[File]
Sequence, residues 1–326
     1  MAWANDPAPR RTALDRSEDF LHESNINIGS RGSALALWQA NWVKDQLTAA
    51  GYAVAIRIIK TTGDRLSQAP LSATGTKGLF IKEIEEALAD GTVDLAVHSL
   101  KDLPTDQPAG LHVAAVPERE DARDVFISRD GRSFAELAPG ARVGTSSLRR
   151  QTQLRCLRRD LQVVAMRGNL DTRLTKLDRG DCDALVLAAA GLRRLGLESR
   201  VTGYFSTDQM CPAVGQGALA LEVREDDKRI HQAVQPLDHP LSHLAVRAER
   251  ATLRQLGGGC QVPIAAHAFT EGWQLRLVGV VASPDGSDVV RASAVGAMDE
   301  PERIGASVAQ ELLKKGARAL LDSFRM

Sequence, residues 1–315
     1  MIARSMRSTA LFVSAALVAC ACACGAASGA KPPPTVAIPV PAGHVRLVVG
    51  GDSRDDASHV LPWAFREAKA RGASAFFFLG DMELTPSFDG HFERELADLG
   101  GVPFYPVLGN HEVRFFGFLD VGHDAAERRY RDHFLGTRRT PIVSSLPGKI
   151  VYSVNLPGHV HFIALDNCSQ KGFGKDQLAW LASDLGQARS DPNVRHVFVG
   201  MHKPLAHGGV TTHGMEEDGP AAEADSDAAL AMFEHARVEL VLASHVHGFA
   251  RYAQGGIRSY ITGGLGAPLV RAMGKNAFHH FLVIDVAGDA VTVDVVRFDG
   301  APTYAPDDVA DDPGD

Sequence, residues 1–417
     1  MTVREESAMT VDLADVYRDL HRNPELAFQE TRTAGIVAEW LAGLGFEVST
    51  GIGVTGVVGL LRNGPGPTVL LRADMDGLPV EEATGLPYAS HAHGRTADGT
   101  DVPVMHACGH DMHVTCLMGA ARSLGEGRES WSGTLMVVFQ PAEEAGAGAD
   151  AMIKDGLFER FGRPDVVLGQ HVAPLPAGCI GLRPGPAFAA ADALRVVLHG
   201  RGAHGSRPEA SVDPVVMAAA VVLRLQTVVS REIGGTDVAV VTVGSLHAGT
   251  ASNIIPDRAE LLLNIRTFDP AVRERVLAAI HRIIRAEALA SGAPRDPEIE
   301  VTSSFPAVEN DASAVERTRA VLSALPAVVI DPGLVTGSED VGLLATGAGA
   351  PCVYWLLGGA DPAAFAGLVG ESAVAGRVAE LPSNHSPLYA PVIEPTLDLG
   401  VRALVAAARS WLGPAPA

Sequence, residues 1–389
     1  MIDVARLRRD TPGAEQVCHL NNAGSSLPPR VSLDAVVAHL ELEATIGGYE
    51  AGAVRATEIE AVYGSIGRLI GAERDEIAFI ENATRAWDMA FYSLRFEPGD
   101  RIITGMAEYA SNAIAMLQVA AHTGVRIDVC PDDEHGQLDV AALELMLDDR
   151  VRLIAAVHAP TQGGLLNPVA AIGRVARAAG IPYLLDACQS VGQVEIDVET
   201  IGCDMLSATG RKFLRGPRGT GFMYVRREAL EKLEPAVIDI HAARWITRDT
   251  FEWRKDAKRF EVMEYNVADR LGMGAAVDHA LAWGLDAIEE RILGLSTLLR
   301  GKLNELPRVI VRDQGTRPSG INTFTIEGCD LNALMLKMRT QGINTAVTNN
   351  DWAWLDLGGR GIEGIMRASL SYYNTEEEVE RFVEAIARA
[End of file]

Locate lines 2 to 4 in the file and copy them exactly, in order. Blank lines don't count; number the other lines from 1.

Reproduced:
     1  MAWANDPAPR RTALDRSEDF LHESNINIGS RGSALALWQA NWVKDQLTAA
    51  GYAVAIRIIK TTGDRLSQAP LSATGTKGLF IKEIEEALAD GTVDLAVHSL
   101  KDLPTDQPAG LHVAAVPERE DARDVFISRD GRSFAELAPG ARVGTSSLRR